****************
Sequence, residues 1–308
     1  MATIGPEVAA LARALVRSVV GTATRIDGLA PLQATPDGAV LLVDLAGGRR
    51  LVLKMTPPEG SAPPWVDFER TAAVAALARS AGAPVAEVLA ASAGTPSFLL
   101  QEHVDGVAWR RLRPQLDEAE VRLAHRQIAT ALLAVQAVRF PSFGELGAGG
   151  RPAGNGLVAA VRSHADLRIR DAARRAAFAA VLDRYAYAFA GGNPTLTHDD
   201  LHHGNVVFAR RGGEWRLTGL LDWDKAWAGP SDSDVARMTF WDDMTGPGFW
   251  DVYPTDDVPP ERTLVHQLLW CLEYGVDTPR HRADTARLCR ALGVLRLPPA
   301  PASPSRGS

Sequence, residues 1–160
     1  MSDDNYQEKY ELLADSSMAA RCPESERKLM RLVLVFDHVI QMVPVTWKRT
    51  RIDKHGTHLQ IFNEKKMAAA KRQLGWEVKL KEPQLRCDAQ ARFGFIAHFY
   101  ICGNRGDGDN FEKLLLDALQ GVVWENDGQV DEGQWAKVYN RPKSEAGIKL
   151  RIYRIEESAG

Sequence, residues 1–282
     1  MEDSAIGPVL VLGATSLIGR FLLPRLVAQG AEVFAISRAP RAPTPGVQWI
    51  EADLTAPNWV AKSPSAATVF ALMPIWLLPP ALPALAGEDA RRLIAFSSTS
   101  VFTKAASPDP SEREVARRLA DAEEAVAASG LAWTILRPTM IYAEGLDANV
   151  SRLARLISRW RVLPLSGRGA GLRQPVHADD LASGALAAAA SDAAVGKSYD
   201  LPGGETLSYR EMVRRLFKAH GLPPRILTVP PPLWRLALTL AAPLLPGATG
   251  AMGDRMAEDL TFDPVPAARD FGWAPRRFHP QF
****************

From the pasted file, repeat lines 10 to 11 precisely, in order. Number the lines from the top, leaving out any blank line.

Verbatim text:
     1  MSDDNYQEKY ELLADSSMAA RCPESERKLM RLVLVFDHVI QMVPVTWKRT
    51  RIDKHGTHLQ IFNEKKMAAA KRQLGWEVKL KEPQLRCDAQ ARFGFIAHFY